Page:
Skip to main content
Please enter a legal issue and/or a location
Begin typing to search, use arrow keys to navigate, use enter to select

Nursing Home Lawsuit Settlements FAQs

If you have an elderly parent or loved one in a nursing home, you hope he or she is getting the best care possible. Yet despite the best efforts of medical professionals and elder care advocates, nursing home abuse and neglect are a continuing problem in the U.S. National statistics are not available but in just one state, Minnesota, the Department of Health reported receiving some 400 complaints of abuse and neglect a week.

In 2020, the U.S. Department of Justice launched an initiative called Keeping Seniors Safe. The DOJ is investigating nursing homes in nine states that it suspects of providing “grossly substandard care."

Elder abuse in nursing homes ranges from neglect that results in bedsores, malnutrition, and dehydration, to assault, psychological abuse, and financial exploitation.

If your loved one suffered abuse in a nursing home and you are thinking of filing a lawsuit for elder abuse, this article provides information on nursing home lawsuit settlements. Remember, every case is different and no outcome is guaranteed. To learn more, speak with a qualified lawyer in your area.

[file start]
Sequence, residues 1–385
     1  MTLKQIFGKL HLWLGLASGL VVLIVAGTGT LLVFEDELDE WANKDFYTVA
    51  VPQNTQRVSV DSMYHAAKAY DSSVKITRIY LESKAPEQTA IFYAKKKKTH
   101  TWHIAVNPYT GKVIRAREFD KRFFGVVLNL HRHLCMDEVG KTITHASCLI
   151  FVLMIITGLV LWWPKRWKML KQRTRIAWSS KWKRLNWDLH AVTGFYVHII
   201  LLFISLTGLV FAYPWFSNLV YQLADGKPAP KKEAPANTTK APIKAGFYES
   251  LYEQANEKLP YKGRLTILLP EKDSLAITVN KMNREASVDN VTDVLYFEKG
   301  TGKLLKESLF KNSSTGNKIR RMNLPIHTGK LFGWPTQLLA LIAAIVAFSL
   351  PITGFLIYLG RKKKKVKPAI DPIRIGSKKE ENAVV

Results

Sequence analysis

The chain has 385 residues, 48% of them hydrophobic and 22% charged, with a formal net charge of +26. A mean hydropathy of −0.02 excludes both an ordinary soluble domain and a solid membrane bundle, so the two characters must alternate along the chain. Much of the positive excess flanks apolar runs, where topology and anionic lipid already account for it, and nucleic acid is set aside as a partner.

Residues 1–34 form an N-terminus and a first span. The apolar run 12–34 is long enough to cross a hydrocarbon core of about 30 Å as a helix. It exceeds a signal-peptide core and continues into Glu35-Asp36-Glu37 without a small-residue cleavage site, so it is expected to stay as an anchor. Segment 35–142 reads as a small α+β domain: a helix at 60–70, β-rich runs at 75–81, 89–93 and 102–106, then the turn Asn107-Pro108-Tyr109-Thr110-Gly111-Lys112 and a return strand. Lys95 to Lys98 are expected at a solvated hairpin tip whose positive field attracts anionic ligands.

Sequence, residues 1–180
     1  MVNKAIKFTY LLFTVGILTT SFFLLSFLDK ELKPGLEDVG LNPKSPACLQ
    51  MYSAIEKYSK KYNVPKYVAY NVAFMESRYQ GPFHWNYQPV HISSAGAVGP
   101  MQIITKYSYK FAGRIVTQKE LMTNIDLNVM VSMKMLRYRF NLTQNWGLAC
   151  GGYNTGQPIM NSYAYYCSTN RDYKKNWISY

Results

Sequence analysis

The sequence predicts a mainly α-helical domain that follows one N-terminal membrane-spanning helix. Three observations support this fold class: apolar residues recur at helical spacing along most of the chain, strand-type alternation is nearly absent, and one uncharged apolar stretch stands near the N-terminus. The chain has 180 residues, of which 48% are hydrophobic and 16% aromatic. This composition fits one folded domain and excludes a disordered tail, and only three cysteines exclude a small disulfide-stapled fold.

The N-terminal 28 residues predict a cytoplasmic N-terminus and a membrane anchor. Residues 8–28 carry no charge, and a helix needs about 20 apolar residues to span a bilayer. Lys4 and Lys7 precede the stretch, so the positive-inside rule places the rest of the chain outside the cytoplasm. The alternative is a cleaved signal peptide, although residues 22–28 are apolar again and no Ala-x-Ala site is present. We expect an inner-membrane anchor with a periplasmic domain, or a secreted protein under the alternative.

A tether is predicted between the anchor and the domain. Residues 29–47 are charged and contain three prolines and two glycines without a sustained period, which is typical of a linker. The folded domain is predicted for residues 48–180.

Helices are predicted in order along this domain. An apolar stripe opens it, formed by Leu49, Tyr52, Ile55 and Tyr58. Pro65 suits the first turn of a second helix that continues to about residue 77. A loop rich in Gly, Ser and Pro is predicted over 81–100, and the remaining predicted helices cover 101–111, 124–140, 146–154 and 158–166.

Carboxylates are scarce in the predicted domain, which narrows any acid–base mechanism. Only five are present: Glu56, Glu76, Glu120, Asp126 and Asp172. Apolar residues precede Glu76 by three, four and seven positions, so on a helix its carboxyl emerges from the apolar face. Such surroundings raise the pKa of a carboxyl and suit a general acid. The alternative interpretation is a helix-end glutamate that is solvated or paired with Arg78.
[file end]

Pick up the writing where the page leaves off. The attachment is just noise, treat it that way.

Q: What are typical nursing home abuse claims?

A: When abuse or neglect occurs in a nursing home, prosecutors may bring a civil lawsuit to seek financial compensation for damages and, in some cases, a criminal complaint to punish the offender for unlawful actions.

There are three main types of civil claims that can be brought against a nursing home and its employee caregivers: a negligence claim, a breach of contract claim, and a wrongful death lawsuit.

Nursing home employees may be liable for negligence that leads to falls, broken bones, and head injuries. Negligence can also cause malnutrition or dehydration. There are also, unfortunately, many examples of outright abuse, assault, and sexual assault.

Owners of nursing homes can be liable for conditions that lead to poor care, such as negligent supervision, negligent hiring, and negligent maintenance.

Breach of contract claims can be made for failure to provide the services for which a family has paid their hard-earned money. There is also the problem of predatory billing practices, where seniors are overcharged or charged for services never received.

If a nursing home resident dies as a result of the action or inaction of caregivers, their family may choose to bring a wrongful death lawsuit. The lives of the elderly are not without value. Families suffer a grievous loss and may be haunted by feelings of guilt that their loved ones suffered. No amount of money can bring back a beloved parent, but many families hope that by having to pay for their actions, the nursing home will take more care in the future.